Our outreach activities take varied forms from public engagement and BBC co-productions to open access resources and knowledge exchange with schools. If you’d like to have any of us give a talk in a school assembly or community project, do get in touch!
Working with Pearson and the National Extension College, our Open Arts Objects project has over 50 open access films that are used in the teaching of Art History at A-level. These films are also used world-wide to support the teaching of Art History in universities. Filmed in a number of museums across the country from the Victoria and Albert Museum and Windsor Castle to Yorkshire Sculpture Park and National Museum Wales, these films offer virtual handling sessions, bringing the museum into the classroom.
We have also visited schools in the UK as part of our outreach activities. Hear what the students have to say:
Open Access resources:
Open Arts Archive: a live and open archive providing free access to a wealth of artistic, cultural and educational resources, including talks, seminars, study days, artists’ podcasts, artist interviews, curators’ talks and exhibitions (including all our Open Arts Objects films).
Open Arts Journal: An open access journal, our dissemination is global, spanning multiple communities including practitioners and historians of art, architecture and design, curators and arts policy-makers, and researchers in the arts and heritage sectors.
Open Learn: Free short courses on Art History. From Renaissance Venice and Dutch painting of the golden age to the Mexican muralism.
We’ve also created a teaching toolkit for making your own Open Arts Objects film.
Museums and Heritage: working as curators and with curators, and with education officers and volunteers, we engage the public through our research from projects that aim to decolonise the museum to those that support education programmes in museums. Our pathways to impact through public engagement also involve public talks at museums and heritage institutions ranging from Foxcombe Hall, Oxford to Nationalmuseum, Stockholm.
BBC co-productions: Our research underpins our roles as academic advisors on co-production of BBC programmes.
Keynotes, public engagement talks, and conferences: Our research is regularly presented internationally, as members of the department are frequently invited to speak as keynotes, conference participants, or invited speakers.
The impact of our work in Art History and Design is reflected in the long history of these two disciplines’ strengths at the OU. In the run-up to the OU’s half century in 2019-20, we held two notable conferences exploring our own history and place in forming the cross-disciplinary subject area of Art History and Design. In 2015 ‘40 Years On: The Domain of Design History – Looking Back Looking Forward’ (Convenor: Elizabeth McKellar) and in 2019 ‘Revisiting Modern Art and Modernism at the OU’, (Convenors: Amy Charlesworth and Honorary Associate Veronica Davies) both looked at the contributions of our courses in these areas, with keynotes from leaders in the discipline such as Anne Wagner, TJ Clark and Brioney Fer discussing their role in collaborating with the department. ‘40 Years On’ also resulted in a collaboration with the Canadian Centre for Architecture (CCA) exploring the OU’s pioneering role as ‘the University of the Air’ in relation to modern architecture. This co-partnership produced in a significant online programme of films and an international travelling exhibition held in Montréal, November 2017-April 2018 and then Belem Cultural Centre (CCB), Lisbon, Feb - May 2019.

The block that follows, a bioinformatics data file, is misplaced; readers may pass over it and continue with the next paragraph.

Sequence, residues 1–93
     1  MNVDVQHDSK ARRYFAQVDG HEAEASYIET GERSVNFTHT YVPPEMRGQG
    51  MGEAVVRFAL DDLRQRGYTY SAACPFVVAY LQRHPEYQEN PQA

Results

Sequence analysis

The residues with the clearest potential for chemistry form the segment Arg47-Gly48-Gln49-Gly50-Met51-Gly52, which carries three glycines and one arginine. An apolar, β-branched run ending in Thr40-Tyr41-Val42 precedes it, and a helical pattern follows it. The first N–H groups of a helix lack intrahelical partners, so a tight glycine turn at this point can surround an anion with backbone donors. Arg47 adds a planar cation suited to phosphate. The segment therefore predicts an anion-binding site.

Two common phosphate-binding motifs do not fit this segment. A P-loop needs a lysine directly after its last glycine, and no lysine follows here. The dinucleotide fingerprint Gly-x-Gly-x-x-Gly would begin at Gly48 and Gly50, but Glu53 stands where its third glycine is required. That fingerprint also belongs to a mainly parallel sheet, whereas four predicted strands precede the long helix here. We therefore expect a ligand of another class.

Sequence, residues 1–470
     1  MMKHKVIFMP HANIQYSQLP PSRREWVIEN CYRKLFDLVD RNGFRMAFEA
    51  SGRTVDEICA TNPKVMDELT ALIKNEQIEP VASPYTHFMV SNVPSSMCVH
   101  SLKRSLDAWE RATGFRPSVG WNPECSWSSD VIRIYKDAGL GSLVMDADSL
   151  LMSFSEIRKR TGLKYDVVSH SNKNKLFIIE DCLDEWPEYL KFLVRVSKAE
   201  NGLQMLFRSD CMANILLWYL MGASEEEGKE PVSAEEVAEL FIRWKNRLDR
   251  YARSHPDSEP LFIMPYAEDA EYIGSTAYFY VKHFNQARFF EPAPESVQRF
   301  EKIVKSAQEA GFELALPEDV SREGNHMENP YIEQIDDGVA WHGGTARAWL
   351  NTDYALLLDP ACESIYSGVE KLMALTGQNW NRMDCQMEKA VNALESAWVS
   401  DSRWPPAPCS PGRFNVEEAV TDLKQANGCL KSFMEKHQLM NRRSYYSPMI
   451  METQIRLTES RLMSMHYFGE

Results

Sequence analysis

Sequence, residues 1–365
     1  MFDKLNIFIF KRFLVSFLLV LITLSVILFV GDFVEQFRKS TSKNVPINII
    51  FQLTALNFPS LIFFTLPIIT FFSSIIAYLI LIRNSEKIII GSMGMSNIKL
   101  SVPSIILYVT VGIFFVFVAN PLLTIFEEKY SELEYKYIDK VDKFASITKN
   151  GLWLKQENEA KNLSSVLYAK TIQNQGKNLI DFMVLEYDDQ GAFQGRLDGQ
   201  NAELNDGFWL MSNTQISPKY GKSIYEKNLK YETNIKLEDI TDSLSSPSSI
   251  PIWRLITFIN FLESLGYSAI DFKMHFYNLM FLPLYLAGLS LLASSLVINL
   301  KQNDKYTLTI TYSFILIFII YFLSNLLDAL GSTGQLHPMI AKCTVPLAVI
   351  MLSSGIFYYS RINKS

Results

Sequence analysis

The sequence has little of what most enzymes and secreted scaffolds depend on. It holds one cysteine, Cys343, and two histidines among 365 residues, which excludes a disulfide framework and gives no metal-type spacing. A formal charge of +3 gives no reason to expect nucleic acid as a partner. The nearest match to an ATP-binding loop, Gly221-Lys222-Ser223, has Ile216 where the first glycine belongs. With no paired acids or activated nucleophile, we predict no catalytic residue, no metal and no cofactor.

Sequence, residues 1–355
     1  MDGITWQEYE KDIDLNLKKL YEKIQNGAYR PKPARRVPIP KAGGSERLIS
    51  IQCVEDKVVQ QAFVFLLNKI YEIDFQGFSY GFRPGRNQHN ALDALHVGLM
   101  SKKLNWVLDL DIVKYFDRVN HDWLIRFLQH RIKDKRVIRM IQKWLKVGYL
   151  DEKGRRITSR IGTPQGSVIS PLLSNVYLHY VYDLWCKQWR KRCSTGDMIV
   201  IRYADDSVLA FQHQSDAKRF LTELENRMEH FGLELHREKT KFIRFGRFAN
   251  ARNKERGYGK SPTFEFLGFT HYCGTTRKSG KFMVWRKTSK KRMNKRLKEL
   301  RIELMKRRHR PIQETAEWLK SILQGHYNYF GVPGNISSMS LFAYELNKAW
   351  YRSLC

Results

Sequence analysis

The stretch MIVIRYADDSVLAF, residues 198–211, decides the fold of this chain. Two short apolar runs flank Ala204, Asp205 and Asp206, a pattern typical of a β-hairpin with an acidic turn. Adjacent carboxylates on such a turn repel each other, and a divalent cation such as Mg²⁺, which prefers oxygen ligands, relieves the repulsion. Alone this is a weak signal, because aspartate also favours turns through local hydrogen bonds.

The Medieval and Early Modern Research Group co-chaired by Leah Clark hosts an annual international conference every year, while members of the department have long been involved in Marxism in Culture, UCL (co-chaired by Warren Carter).
Activism, Artists and Community groups: True to our radical mission members of the department have also been involved in a number of projects relating to art and activism including: Tate Exchange; Counterpoint Arts; The Showroom, London; Pavilion, Leeds; and Meeting Point, Leeds. These projects, run in conjunction with a diverse range of communities, charities and galleries, have included working with migrant workers and refugees, and female domestic workers. Charlesworth acted as co-producer and research consultant on the Film, They Call Us Maids: The Domestic Workers’ Story, 2015 an animated film (scripted and animated by Leeds Animation Workshop) about migrant domestic workers and modern-day slavery, that has won three international awards and was shortlisted for the AHRC Research in Film awards (2016). Work in this area continues to develop as we respond to pressing societal and economic issues. During COVID-19 in 2020, Beyond the Now became a digital platform where artists and other professionals working in community activism could share insights, experiences and responses (Kim Charnley). Beside the OU, partners include Tate Exchange; Counterpoint Arts (UK); Ettijahat (Beirut); Create (Ireland); Coculture (Berlin); Plymouth College of Art; and Mozilla fest (USA).
Social Media: We love our discipline and our enthusiasm shines through on social media. We post a work of art every Mondays for #materialmondays. Follow us on Facebook, Instagram, Twitter, & YouTube!